Did you know ...
* Approximately 30% of Canada's land mass is forest
* It is the garter snake capital of the world
"Narcisse Snake Dens is 130 km north of Winnipeg. Mid-April to early May you can see tens of thousands of garter snakes slithering from their dens. Viewing platforms are available for people to watch them from a distance."
If you are scared of snakes ... do NOT go to the National Geographic website link HERE
"Every year, thousands of snakes gather at the Narcisse Snake Dens in Manitoba, Canada. It's billed as the largest gathering of snakes anywhere in the world. Manitoba’s climate and geology make it the perfect place for red-sided garter snakes to live and mate. It has become a tourist attraction, but it’s not for the faint of heart." National Geographic
* There are overpasses for wildlife
"In Banff National Park in Alberta, highways are designed to create the perfect marriage between passing vehicles and overpasses for the wildlife including; grizzly, black bears, wolves, coyotes, cougars, moose, elk, deer, bighorn sheep, wolverine, and lynx."
* Canada has more lakes than any other country (unless you listen to Finland - although many of what they consider lakes are far smaller than what Canada considers a lake - it is all in the definition of what is a lake). Approximately 60% of the world's lakes are in Canada.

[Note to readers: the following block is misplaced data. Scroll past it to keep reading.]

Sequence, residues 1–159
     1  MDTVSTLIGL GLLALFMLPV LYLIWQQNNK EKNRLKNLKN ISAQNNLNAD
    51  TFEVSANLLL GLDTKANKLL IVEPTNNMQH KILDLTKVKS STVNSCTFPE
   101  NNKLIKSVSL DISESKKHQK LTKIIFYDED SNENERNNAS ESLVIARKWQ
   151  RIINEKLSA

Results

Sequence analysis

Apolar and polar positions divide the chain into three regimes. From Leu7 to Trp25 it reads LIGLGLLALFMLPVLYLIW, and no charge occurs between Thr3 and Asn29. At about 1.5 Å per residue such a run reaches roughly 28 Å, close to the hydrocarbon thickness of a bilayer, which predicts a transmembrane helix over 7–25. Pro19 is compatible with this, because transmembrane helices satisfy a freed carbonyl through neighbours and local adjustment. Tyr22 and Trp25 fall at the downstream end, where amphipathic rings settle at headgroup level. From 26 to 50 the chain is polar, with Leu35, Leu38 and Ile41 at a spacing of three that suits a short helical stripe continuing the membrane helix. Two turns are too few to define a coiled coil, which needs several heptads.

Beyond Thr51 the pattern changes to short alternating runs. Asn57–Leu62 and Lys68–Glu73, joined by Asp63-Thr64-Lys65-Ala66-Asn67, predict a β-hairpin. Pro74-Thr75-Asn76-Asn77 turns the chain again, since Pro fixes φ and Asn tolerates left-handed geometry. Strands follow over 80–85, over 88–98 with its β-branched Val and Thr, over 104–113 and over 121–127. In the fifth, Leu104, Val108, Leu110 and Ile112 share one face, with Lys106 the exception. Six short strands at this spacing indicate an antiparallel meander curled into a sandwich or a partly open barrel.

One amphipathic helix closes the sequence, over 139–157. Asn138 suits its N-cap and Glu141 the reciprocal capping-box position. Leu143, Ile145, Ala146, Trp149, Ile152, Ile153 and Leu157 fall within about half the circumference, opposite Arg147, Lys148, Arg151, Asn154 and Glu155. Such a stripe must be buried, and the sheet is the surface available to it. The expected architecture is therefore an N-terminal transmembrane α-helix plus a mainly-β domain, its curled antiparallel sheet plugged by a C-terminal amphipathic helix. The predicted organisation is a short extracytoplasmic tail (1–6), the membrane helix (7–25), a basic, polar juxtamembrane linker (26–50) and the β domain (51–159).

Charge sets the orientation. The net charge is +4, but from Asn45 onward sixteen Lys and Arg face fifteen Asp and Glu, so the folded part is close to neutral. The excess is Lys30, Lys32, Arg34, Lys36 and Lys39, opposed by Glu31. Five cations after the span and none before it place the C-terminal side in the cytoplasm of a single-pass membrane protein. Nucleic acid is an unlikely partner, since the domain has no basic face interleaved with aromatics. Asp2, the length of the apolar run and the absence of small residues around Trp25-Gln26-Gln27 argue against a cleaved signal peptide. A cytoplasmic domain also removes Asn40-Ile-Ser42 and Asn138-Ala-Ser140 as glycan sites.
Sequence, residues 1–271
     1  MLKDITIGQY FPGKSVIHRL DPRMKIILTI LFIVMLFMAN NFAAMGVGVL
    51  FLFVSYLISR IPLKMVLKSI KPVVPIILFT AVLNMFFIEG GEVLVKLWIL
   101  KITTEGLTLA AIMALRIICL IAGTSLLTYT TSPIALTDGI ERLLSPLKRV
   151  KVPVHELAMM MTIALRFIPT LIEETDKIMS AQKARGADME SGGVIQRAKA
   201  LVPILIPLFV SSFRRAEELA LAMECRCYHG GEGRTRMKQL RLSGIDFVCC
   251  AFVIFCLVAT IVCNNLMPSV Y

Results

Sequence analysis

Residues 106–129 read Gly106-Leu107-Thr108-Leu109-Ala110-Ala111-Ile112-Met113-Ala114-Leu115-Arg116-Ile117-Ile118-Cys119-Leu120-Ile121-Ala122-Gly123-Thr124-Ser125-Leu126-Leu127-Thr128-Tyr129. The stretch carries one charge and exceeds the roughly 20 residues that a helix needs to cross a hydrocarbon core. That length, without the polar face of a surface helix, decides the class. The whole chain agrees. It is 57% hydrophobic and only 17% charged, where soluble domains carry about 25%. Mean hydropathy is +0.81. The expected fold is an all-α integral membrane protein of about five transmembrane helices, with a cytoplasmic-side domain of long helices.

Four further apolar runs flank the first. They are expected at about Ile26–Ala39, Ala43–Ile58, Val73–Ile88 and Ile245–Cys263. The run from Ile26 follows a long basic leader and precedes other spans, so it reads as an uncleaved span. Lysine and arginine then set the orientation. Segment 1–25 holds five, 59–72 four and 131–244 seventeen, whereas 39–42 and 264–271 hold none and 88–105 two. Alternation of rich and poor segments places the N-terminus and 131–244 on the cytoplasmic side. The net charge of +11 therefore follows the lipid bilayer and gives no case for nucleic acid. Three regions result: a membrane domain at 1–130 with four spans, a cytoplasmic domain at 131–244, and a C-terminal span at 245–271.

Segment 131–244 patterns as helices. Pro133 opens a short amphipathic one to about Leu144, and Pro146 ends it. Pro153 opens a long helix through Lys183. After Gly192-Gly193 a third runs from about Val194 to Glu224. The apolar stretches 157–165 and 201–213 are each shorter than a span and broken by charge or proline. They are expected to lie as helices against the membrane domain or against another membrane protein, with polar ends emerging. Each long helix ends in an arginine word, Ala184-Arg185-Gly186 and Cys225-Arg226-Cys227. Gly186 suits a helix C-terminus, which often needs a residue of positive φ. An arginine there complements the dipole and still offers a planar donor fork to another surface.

* Canada has one of the richest fossil beds of dinosaurs in the world (which is not surprising if you know how fossils form, how the continents have shifted in the last 65 millions years since the dinosaurs went extinct, and all that sciency stuff)
"Dinosaur Provincial Park [Alberta Canada], a UNESCO World Heritage Site, is one of the richest dinosaur fossil sites in the world. Over 40 dinosaur species have been found and over 500 specimens extracted."
* The polar bear population is approximately only 25,000 individuals in the wild. Of those, 60% of live in Canada. In Churchill, Manitoba you can even go polar bear watching - get more information HERE.
* Icebergs Ahead!
"Every spring, icebergs from Greenland float to Newfoundland and Labrador's coast. They are harvested to make wine, beer, vodka, and skin care products."
Unless otherwise stated, quotes are from http://www.lifebuzz.com/canada/